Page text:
2012 Alden Dissertation Prize
The Alden Dissertation Prize of $2,500 is awarded each year to the Ph.D. student in English whose dissertation shows the greatest promise of scholarly achievement. The joint winners this year for dissertations finished between June 2011 and March 2012 are Ed Finn and Kenny Ligda.
Ed’s dissertation, written under the direction of Ursula Heise, is entitled " The Social Lives of Books: Literary Networks in Contemporary American Fiction”. Ed is currently an assistant professor at Arizona State University with a joint appointment in the School of Arts, Media & Engineering as well as English. He is also the director of the new Center for Science and the Imagination.
Kenny’s dissertation, written under the direction of Alex Woloch, is entitled “Serious Comedy: British Modernist Humor and Political Crisis”. Kenny is about to start his second year as the Course Coordinator of the Literary History sequence here in the English department at Stanford.
Congratulations to both Ed and Kenny!
Careers in Teaching Conference
On December 2nd, the English Department welcomed guest speakers to “Careers in Teaching,” a conference designed to inform graduate students about career possibilities in independent high schools and community colleges. The day was attended by more than 60 people from 15 different Stanford departments, including English, the Division of Literatures, Cultures, and Languages (DLCL), biology, anthropology, the school of education, and earth sciences. The occasion was full of energy and optimism. Capturing in a word the spirit of the event, Eric Chandler of the Kent Denver School described it as "inspiring."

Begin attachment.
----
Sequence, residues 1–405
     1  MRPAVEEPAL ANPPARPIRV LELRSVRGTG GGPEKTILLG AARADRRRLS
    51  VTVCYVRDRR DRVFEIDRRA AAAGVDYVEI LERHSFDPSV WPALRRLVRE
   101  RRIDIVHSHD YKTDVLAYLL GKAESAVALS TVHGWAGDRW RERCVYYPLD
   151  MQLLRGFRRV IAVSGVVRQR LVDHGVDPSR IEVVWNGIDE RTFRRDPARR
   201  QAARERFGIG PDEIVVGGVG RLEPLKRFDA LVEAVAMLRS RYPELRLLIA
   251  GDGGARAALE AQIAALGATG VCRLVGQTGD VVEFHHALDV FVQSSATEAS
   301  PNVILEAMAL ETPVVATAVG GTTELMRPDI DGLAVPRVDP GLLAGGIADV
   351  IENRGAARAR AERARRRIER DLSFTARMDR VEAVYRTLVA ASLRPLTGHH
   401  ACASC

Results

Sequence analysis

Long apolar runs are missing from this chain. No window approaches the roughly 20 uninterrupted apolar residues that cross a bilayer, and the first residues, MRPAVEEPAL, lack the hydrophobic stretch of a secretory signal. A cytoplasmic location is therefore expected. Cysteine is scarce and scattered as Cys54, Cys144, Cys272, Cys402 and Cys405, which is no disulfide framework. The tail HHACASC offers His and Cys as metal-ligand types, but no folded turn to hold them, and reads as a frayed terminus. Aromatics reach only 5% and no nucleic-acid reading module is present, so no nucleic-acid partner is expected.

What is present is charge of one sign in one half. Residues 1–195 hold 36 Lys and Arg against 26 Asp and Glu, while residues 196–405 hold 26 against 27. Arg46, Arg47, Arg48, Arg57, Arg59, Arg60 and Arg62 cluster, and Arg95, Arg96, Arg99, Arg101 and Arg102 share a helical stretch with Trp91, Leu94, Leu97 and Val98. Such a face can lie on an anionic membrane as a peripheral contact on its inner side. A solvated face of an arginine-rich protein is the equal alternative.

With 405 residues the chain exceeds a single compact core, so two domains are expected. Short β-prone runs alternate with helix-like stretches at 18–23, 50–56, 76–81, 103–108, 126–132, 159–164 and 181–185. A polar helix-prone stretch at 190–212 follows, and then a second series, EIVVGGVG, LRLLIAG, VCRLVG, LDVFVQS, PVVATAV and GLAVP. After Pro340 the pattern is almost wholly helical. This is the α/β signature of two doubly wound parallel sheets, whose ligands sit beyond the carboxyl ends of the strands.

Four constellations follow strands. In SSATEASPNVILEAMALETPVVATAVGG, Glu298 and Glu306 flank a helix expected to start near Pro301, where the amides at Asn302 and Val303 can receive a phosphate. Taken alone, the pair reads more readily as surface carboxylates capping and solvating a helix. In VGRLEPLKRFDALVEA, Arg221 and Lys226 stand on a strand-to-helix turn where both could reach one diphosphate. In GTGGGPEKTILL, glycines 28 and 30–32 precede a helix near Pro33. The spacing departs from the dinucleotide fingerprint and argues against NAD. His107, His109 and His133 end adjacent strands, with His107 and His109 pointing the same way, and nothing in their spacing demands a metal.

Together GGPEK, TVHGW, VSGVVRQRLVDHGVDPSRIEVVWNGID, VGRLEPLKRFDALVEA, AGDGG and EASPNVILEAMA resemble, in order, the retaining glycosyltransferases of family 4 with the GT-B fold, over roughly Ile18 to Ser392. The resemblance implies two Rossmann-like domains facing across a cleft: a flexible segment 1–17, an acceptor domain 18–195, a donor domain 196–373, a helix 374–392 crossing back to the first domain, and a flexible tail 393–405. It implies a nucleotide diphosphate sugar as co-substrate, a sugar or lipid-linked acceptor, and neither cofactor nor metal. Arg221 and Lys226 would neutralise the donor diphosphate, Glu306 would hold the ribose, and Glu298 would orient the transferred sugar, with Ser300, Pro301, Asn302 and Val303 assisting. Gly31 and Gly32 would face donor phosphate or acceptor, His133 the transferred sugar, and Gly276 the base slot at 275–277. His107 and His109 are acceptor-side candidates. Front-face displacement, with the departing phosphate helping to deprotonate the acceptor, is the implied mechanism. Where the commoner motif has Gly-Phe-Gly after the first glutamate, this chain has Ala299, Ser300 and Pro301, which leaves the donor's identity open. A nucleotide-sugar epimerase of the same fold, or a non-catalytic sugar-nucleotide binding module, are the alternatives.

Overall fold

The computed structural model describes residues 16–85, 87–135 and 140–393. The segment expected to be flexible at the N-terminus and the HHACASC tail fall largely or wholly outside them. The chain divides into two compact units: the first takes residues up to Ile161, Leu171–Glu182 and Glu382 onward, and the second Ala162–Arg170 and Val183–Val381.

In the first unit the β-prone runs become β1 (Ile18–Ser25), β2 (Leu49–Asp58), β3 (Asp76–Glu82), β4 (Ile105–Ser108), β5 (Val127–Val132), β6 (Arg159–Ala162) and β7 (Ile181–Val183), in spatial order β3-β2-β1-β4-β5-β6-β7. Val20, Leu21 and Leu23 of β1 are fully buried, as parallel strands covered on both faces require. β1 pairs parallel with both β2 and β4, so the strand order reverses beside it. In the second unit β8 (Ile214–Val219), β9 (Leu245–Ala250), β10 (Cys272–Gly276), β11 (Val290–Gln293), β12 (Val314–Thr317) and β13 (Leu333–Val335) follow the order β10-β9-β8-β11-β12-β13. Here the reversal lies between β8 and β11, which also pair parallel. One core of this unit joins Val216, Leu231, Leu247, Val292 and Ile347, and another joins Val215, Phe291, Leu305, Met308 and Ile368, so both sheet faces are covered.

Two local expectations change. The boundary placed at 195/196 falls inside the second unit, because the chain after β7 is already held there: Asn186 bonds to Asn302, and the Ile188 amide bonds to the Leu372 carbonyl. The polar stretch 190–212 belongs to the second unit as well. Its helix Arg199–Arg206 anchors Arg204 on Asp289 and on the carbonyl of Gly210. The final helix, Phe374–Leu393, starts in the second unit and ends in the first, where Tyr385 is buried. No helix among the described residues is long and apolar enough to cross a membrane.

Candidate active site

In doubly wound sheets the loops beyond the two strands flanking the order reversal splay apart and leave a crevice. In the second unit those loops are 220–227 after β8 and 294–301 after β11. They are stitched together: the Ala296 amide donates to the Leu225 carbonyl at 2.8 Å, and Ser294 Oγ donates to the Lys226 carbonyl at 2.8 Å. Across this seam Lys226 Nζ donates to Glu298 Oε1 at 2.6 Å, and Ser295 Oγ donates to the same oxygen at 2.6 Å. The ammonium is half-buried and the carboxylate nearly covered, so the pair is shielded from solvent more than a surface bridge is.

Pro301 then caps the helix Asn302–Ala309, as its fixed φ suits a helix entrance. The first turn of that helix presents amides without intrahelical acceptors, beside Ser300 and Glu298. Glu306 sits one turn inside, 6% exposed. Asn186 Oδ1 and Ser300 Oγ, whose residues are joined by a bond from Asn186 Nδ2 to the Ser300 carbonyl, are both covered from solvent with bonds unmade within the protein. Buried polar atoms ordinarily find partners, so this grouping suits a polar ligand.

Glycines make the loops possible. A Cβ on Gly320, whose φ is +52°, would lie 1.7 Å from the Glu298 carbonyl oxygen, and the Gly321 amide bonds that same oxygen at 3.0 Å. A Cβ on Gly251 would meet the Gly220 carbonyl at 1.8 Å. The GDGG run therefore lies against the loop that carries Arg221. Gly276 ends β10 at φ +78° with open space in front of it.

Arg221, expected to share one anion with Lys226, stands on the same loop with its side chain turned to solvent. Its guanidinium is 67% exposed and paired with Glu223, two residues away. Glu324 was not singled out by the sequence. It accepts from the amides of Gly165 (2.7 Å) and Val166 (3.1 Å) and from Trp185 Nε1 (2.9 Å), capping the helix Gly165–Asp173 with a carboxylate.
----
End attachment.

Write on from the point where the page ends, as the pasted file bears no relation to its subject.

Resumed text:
The panelists came from some of the best private schools and community colleges in the country, including the Branson School in Marin County, the Castilleja School in Palo Alto, the Crossroads School in Santa Monica, Diablo Valley College in Pleasant Hill, Foothill College in Los Altos Hills, Horace Mann in New York, Kent Denver in Colorado, and the Menlo School in Menlo Park. They also included the president of the Association of Departments of English, Tom Hurley, and Jonathan Ball, the director of school services for the leading independent school recruitment firm, Carney, Sandoe, & Associates in Boston.
In the first session, Stanford Ph.D. alumni spoke frankly about the deliberations that led them to their current positions. In the second, four panelists, all with Ph.D.s in the humanities, explained the day-to-day experience of teaching in an independent school or community college. The third session focused on logistical matters, providing insight into how to apply and make oneself competitive for such positions. All of the panels involved full and vibrant discussion sessions. The participants were also able to speak with the panelists at greater length during the afternoon “breakout” session.
"Careers in Teaching" was funded by a SCORE grant from the Vice Provost for Graduate Education.
Video of the conference is available on the conference website under the "Pages" section of the right sidebar: http://careersinteaching.stanford.edu